Petschauer said she was glad to hear Everts state that students are first in her vision, but that the vision must be reflected in actions. Some criticized Everts for not meeting in person with students who occupied the administration building in protest of House Bill 2 earlier in the spring. On April 11, Everts met with three of the protest leaders and released a statement in opposition to HB2, which was among the protesters’ demands.

“I was surprised of the reticence of the chancellor to meet with the students … that was frustrating to me,” Petschauer said. “That’s where the rubber meets the road. When students are upset about something, meeting with them — that’s where leadership shows up.”

A staffing shuffle

A number of the leadership changes to which the group refers have occurred in the past six months. Among them are the retirement of Vice Chancellor for Business Affairs Greg Lovins on April 1 (though he accepted a new position at South Carolina’s Landers University); the naming of Willie Fleming as chief diversity officer, a role formerly held by Bindu Jayne, ASU’s associate vice chancellor for equity, diversity and compliance; and the dismissal of Wallace, who served 12 years in the vice chancellor’s position and 32 years at ASU.

Reached by the Watauga Democrat in the days after the dismissal, Wallace declined to comment on the matter. But the announcement of her departure sparked a firestorm of comments and letters, with many condemning the move while some defended the chancellor’s right to make it.

Daniel Tassitino, a student, former student government vice president and intern in Wallace’s office, penned a widely circulated open letter to UNC system leaders on June 8, criticizing what he described as Everts’ lack of visibility on campus, a reported disagreement between Everts and Wallace over the rebuilding of Winkler Residence Hall and the way in which Wallace was dismissed. A corresponding petition on the website has thus far garnered more than 2,000 signatures asking for Everts’ removal as chancellor.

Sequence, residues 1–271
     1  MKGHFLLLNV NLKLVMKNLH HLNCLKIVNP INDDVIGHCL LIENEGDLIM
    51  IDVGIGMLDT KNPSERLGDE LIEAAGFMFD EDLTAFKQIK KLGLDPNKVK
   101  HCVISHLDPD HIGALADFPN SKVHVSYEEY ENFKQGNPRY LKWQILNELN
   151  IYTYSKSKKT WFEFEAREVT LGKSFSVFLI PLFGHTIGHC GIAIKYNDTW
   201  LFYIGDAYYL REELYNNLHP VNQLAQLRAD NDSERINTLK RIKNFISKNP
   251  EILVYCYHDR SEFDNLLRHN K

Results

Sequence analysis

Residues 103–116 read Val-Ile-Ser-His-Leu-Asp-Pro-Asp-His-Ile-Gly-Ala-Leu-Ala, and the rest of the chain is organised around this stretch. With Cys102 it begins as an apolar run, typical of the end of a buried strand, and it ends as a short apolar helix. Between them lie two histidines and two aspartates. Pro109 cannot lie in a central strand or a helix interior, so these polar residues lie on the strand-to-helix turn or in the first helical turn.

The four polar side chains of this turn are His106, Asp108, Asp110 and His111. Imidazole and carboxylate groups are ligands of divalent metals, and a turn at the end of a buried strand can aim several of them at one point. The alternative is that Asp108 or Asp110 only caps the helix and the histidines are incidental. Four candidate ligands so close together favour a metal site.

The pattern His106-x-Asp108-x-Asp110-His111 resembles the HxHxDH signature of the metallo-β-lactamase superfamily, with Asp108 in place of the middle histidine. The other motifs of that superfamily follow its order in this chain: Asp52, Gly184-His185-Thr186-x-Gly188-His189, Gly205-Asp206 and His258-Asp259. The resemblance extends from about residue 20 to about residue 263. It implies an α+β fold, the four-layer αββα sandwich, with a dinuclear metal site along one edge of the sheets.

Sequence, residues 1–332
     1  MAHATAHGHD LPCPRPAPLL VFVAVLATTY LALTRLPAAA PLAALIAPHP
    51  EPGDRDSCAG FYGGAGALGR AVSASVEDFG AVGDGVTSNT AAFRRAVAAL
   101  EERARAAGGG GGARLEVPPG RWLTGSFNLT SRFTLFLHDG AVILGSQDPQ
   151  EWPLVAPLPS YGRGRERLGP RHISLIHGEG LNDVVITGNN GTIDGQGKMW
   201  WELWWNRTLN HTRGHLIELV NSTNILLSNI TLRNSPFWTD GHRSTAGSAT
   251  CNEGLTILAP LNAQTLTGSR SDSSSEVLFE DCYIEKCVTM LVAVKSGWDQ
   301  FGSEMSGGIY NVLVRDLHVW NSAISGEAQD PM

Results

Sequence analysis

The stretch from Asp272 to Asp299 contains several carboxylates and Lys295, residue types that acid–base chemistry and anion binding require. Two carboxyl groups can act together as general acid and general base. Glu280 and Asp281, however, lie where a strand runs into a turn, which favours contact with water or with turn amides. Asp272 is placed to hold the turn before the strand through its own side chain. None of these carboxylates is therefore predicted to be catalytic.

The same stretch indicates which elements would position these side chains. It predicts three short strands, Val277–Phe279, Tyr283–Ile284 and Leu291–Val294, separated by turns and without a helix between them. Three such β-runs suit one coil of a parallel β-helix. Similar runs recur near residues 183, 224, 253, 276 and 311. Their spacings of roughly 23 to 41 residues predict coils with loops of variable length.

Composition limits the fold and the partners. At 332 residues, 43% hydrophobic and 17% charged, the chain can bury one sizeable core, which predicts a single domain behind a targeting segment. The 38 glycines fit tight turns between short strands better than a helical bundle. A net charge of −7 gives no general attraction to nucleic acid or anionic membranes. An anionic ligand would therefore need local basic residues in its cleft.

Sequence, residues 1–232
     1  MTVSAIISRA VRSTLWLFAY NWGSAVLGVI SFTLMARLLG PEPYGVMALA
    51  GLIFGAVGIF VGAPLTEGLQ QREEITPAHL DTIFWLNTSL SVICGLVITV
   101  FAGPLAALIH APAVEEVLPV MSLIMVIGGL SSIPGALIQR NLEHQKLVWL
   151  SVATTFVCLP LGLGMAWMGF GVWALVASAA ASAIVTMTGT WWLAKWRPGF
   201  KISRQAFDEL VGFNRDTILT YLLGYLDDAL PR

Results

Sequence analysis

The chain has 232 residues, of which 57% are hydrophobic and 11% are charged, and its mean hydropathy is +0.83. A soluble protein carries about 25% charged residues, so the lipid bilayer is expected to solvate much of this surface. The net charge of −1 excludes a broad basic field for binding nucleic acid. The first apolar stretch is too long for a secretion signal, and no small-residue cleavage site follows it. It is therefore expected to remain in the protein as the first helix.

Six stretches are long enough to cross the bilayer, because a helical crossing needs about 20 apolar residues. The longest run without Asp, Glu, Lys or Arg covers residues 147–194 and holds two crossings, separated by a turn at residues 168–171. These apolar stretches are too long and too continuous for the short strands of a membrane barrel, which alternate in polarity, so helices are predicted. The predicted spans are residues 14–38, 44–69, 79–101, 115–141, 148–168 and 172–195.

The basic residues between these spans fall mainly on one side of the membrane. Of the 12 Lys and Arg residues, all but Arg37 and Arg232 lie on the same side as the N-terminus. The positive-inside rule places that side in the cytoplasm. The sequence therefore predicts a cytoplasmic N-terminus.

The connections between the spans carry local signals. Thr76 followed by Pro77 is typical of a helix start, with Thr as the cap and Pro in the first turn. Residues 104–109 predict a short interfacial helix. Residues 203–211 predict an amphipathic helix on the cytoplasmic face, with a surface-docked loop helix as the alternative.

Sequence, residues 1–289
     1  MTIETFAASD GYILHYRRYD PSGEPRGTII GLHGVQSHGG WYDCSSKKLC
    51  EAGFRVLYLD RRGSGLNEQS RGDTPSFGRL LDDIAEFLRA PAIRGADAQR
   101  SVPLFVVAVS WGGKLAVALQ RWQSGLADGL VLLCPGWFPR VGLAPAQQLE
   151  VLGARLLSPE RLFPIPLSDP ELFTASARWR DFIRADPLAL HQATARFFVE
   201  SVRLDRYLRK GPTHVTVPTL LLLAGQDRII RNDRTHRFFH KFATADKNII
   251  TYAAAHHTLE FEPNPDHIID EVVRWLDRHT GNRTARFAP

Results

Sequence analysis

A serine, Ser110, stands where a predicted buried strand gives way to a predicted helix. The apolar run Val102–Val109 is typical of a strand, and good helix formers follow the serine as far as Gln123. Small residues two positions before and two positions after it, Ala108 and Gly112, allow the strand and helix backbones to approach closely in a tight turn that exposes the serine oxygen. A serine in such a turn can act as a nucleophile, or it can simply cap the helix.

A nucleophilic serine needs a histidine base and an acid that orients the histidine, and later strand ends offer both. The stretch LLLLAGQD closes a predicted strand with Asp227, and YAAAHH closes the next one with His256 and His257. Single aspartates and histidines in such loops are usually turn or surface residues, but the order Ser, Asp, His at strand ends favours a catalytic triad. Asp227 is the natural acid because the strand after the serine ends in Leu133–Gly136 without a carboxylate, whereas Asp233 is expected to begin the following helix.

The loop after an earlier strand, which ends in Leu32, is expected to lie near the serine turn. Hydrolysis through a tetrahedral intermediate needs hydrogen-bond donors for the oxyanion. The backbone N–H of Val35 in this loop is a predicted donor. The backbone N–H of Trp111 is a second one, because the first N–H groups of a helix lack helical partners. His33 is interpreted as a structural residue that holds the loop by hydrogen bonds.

Soon after, ASU Faculty Senate Chairman Paul Gates sent a letter to media outlets in response to Tassitino’s letter, defending the chancellor.

“Sometimes when we write things in anger, emotions can cause us to muddle or misrepresent the facts,” Gates said. “Being the chancellor of a university is a complex job that serves multiple constituencies: students, faculty, and staff on the campus, but also the trustees, the Board of Governors, the legislature and the citizens of North Carolina.”

“To suggest that the chancellor has been hiding or is trying to ‘save face’ fundamentally misunderstands the complexities of the position,” he continued. “To accomplish these tasks, it is necessary that an organizational leader be supported by a team that she has confidence in. It must be the chancellor’s call regarding who is best suited to perform those tasks, especially at the senior level.”

The ASU chapter of the American Association of University Professors, however, has called for transparency in leaders’ decisions at ASU, which it said is essential for the collegial operation of the university as well as for campus morale.

“We believe that a university administration that takes inclusive governance seriously will be less exposed to institutional instability and community frustration resulting from unexpected and seemingly arbitrary administrative changes,” the chapter said in a June 14 statement.

Last week, Everts announced a shuffling of staff in the chancellor’s office as of July 1, with Chief of Staff Randy Edwards assuming the role of interim vice chancellor for university advancement, Covington moving from an executive assistant’s position to active chief of staff and director of marketing and Hank Foreman — currently chief communications officer and senior associate vice chancellor for University Advancement — being named senior associate vice chancellor for arts engagement and special assistant to the chancellor for strategic initiatives.

In addition, Vice Chancellor for University Advancement Susan Pettyjohn is set to retire June 30, and University Police Chief Gunther Doerr will retire Aug. 1.

“We have welcomed new faculty and staff and we have seen others retire or reach for the next opportunity in their future,” Everts said in a June 17 alumni newsletter.

“Change and transition can be challenging for any organization, including colleges and universities,” Everts said further on June 24. “We have dealt with changes in leadership at Appalachian during all administrations, and our community has always moved forward together.”